This weekend I was at a family wedding. Not my own family, my partner’s. While I have met many of them, because they are such a large family, I am still meeting new ones at every family event I go too. It’s great, since my partner loves all his family and they are all fantastic people. But it’s not so great because I am quite the introvert and feel awkward in large crowd. Yep, it was a fun weekend!

Being an introvert is nothing new for me. I am pretty sure I’ve been this way most of my life, even if I wasn’t willing to admit it. I love going out with 2-3 people for dinner and drinks over going to a party with 20. I would rather work 1-on-1 with a client or with a small class then in front of a large 30 people fitness group. And that’s me! Life doesn’t always deal you an easy hand though, so here I am making small talk with a ton of people that I am still trying to remember their names and relations too.

While this weekend can be uncomfortable at times, there are two pieces of advice that I have been given in my adult years that actually have helped me immensely during weekends like this. The first piece was from my personal training practicum mentor in university. After being my supervisor for 4 months, I had my final evaluation with her. Everything had gone well and overall I had impressed her enough to pass my practicum, but she said that I could use a little work on my presence in front of clients. She told me, “Find your inner extrovert.” I was a bit puzzled because I knew I could be quiet but thought I had spoken up well when I was teaching. I left feeling slightly confused, but a couple years on, I think I fully understand what she meant.

“Find your inner extrovert” means to find whatever part of you that likes to speak, who is great at being enthusiastic, who enjoys having attention on them, who wants to make small talk with people, and pulling them forward for a small length of time. It could be for a speech, a social gathering, or teaching a class. It’s being okay with having all eyes on you and knowing you have the skills to deliver a steelier performance. I find this is a great strategy for a short event, such as dinners, fitness classes or volunteering at events. I push away my fears, channel the most happy go lucky fitness professional I can think of (Cassey Ho is a current favourite of mine before large group classes), put on a brave smile and fake the extrovert till I make it! Because I can do and I will do it! Even if it scares the sh*t out of me.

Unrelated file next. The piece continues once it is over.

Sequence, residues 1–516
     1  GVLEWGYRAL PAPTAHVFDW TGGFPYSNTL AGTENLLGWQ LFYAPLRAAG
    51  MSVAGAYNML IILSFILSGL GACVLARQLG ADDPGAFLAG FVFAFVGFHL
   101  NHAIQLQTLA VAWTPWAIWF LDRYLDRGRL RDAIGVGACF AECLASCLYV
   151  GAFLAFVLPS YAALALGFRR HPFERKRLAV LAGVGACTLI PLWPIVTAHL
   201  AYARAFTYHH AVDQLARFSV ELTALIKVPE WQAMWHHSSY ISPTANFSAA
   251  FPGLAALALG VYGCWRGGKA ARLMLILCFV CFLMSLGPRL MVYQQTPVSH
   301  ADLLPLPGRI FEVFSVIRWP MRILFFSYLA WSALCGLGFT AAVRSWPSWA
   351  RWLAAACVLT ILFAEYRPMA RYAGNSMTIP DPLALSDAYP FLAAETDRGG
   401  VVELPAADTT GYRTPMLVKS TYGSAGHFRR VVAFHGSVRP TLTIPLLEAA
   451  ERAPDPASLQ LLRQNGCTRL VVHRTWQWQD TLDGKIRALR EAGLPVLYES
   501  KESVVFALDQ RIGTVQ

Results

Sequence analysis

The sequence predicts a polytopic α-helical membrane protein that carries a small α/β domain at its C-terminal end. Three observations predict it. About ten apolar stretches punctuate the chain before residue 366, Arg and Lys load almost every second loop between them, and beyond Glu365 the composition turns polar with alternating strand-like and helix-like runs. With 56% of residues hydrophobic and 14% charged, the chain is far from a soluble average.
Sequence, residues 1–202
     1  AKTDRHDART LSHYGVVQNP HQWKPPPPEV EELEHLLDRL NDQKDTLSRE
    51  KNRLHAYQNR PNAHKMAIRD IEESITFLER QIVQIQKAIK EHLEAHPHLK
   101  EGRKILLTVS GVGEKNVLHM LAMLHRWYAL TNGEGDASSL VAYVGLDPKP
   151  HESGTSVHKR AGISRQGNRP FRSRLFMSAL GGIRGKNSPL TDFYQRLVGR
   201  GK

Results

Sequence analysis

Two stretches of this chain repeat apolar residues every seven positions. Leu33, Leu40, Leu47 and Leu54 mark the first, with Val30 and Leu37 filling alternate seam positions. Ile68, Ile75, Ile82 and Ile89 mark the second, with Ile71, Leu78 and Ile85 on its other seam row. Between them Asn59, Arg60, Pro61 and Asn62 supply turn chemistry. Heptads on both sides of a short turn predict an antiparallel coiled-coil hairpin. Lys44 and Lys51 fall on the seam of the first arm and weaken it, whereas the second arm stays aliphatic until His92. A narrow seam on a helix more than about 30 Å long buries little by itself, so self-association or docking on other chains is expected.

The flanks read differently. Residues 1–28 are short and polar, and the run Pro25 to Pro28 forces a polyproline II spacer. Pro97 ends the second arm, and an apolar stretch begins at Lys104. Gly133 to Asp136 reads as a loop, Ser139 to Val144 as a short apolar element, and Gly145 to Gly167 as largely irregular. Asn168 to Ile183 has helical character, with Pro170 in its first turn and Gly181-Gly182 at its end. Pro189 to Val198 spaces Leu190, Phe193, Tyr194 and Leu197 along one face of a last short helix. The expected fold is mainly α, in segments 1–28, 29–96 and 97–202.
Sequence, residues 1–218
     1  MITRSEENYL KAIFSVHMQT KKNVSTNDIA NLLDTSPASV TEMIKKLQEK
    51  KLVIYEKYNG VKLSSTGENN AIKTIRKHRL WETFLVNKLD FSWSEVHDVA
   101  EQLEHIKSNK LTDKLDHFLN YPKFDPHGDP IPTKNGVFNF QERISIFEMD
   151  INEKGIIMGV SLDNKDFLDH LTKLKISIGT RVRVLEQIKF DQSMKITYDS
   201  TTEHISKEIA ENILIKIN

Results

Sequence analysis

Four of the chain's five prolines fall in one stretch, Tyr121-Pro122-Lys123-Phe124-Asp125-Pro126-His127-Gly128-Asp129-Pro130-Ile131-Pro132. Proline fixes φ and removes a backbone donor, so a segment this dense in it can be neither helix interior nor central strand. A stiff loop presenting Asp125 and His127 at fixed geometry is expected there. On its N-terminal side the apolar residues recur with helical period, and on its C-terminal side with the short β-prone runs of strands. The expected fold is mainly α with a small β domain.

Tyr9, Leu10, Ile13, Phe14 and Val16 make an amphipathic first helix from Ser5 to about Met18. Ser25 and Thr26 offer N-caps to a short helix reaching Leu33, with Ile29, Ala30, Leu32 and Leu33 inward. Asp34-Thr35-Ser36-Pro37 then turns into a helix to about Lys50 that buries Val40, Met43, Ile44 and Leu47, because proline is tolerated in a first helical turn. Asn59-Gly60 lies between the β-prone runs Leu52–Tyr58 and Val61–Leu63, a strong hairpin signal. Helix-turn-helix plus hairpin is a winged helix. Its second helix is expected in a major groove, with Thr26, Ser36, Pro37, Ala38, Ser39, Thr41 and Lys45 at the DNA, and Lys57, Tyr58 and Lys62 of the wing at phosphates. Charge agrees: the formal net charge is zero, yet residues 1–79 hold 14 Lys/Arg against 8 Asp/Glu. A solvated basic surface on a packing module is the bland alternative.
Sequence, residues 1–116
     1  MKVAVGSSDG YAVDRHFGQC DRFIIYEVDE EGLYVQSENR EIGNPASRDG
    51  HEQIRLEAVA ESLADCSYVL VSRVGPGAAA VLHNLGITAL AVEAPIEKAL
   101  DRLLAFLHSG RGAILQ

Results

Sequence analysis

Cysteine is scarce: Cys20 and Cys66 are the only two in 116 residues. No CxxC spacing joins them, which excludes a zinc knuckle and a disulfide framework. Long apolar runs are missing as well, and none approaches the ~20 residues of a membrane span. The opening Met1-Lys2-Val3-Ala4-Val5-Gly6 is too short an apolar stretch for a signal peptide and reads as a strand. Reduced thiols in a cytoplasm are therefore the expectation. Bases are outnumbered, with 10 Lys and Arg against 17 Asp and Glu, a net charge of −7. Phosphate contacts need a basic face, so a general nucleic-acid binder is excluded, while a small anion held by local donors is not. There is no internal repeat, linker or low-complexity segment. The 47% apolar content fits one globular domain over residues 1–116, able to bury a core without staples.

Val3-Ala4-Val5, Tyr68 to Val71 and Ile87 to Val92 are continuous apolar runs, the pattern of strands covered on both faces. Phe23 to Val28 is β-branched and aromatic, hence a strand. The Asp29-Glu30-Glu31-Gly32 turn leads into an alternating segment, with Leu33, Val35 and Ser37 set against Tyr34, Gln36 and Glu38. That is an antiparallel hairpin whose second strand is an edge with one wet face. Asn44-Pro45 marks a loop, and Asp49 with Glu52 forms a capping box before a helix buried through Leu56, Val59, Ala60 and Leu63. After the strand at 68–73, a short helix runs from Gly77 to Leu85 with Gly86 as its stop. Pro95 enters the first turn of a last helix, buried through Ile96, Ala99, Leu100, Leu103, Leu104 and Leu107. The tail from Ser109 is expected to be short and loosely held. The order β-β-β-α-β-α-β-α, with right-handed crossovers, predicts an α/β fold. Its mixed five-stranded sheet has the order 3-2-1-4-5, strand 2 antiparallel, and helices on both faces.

The second piece of advice is something that I have heard from multiple sources, especially recently. While I can never seem to remember the words quite right, it always seems to be a mix between “Do what makes you happy” and “Be yourself in every situation”. I try and stay, make small talk, but it got to the point one night this wedding weekend that I just was feeling completely out of my element and awkward so I just left. (I had spent the whole day meeting and mixing with all the family and friends, so I didn’t feel I was being rude.) It can be hard to put your own happiness above perceived social dictations, but honestly, getting away from it all really helps me. I feel happier, I am less stressed, and I don’t need to worry as much about what others think. Because I would rather be thought of as the one who always goes to bed early, then the one who is really awkward to talk to.

Being introverted is just who I am. I love the extroverts I know, and some days I wish I were more like them. Other days, I am more content curling up with a cup of tea, a great mystery book, and getting lost in a case and trying to decide if the butler did it, regardless if there is a butler in the story. The advice is there if I need to make it through another wedding weekend, and I am sure I can find a good table to people watch at some point.

Happy introverting!
-SB

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